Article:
When we think the word “boss” or “leader,” we conjure an image of a tough individual who is focused on results and expects us to achieve them. Yet in our modern world, executives across departments, across countries, are foregoing this idea of leader to maintain a more positive image and perception with their employees.
No one wants to be thought of as the bad guy or gal.
And while connecting with employees and team members, showing them respect and providing them positive reinforcement and confidence is a real part of the effective leadership equation, primarily at the onset of a project, none of it means anything without follow-through. And by “follow-through” I mean accountability.
A Workforce Without Accountability Does Not Work
According to a Harvard Business Review report, one out of every two managers fails at accountability. It is one of the single greatest neglected behaviors of executives around the world and across executive levels. In fact, in the same report, the researchers shared that 46% of leaders rated “too little” for a category of “Holds people accountable and are firm when they don’t deliver.”
“And I expect to see this happen by August…” is met with crickets by August and shrugged shoulders by all involved.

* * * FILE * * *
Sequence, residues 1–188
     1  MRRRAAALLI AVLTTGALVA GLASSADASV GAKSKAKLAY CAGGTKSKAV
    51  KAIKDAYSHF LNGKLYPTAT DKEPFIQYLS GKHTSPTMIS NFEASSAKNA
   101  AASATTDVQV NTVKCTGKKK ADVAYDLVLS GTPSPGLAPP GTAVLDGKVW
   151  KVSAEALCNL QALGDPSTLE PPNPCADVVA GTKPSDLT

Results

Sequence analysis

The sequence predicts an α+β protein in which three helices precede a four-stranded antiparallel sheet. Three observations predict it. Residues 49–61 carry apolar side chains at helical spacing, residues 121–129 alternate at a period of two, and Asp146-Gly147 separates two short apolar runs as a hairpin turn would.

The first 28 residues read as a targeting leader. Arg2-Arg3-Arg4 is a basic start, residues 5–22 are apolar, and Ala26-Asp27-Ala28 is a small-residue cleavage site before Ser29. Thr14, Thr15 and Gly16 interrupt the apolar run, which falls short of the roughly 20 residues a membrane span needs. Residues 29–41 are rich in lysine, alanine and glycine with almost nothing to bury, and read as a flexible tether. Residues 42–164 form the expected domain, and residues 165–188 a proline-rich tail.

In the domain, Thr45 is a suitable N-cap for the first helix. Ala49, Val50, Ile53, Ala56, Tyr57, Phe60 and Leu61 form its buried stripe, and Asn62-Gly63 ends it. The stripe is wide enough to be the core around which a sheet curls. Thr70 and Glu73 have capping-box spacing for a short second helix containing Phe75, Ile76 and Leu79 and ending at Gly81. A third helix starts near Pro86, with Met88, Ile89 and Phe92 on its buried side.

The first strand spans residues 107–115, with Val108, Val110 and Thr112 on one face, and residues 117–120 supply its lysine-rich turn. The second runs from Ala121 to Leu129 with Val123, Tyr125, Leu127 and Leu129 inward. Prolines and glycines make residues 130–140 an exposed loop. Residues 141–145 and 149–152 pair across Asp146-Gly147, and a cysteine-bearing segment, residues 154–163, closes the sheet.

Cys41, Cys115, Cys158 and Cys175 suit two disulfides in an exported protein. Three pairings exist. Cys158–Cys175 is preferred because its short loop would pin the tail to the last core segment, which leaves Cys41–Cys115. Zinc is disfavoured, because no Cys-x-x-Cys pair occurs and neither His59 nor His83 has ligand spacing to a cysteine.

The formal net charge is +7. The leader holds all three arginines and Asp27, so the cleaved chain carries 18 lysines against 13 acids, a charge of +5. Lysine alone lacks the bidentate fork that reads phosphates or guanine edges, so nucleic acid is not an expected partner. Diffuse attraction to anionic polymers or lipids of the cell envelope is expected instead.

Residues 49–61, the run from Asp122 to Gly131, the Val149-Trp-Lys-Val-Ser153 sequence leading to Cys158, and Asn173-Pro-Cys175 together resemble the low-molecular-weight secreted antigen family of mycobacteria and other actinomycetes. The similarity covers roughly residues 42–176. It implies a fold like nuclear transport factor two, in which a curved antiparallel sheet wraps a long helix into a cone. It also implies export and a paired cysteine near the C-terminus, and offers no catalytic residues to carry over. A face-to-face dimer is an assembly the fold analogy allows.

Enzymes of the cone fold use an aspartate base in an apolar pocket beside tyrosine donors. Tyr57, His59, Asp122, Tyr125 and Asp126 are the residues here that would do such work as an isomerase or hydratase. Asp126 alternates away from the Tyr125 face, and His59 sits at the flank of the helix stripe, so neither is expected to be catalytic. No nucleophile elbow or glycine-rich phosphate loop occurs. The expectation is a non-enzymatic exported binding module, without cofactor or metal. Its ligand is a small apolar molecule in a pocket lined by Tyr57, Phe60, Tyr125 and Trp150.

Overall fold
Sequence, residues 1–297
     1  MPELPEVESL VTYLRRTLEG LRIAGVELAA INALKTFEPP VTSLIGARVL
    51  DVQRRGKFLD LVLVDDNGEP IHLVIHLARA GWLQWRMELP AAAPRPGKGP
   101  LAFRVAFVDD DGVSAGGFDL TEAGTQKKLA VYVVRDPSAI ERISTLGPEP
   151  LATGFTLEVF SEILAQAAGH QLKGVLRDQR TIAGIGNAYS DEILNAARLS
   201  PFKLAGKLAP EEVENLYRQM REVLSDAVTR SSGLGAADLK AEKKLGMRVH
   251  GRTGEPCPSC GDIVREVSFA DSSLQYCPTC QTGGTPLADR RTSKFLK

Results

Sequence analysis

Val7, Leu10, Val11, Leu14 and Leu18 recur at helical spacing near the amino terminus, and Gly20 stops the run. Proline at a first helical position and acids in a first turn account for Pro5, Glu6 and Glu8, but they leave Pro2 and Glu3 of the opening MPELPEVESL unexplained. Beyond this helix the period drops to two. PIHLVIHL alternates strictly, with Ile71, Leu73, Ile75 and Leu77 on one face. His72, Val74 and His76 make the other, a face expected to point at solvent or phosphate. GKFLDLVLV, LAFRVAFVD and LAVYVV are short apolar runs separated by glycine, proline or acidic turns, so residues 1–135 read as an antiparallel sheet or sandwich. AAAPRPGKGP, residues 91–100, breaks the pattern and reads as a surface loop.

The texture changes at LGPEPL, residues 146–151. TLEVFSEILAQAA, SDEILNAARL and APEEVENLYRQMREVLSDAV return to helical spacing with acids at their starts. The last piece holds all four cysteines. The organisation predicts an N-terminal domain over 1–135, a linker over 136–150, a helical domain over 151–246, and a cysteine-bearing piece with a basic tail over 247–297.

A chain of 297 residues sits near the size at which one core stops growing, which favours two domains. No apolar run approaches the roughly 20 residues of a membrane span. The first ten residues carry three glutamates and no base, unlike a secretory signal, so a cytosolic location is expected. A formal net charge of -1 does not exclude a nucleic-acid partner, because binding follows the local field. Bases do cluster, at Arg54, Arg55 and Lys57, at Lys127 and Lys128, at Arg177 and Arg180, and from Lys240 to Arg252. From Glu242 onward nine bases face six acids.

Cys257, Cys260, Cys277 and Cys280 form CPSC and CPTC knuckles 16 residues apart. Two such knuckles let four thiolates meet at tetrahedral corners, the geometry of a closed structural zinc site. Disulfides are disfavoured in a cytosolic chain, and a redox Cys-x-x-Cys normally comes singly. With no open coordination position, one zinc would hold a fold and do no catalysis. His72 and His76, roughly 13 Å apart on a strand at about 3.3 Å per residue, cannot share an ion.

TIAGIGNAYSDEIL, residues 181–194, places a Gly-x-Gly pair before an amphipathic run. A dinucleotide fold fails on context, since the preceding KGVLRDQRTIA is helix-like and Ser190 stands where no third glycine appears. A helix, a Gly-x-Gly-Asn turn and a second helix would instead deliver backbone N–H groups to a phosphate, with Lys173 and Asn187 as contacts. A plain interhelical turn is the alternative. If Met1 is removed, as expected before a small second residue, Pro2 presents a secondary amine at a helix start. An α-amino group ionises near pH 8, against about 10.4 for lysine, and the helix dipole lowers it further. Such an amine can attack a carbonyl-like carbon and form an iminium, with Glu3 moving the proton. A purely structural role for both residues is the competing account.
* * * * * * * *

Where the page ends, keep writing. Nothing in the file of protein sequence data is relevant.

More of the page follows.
While employees may feel less afraid of their bosses with lax follow-through, they also will fall into a place of mediocrity and complacency. They will not fight against failures or obstacles with ingenuous solutions. They will not be afraid of letting the company down and watching revenue performance tank. The risks for them are not apparent. What is the worst that can happen, they think.
The answer to that question is that overall performance will take a hit and revenue performance will dip — and negative revenue performance affects everyone in an organization.
The Positive Effects of Accountability
Accountability may label a leader as tough or harsh. An accountable leader may not be invited to weekend barbeques or asked to lunch. President Truman once said, “If you want a friend … get a dog.” Leaders are not called to be friends; an accountable executive is one who leads a team to success even if things are hard or if obstacles jump in the way of a goal.
In the coming posts this month, we will discuss how to achieve accountability (hint, you must hold yourself accountable too) and share examples of what can be if you practice a culture of accountability.
In the meantime, if you are interested in implementing an accountability strategy at your organization, contact us.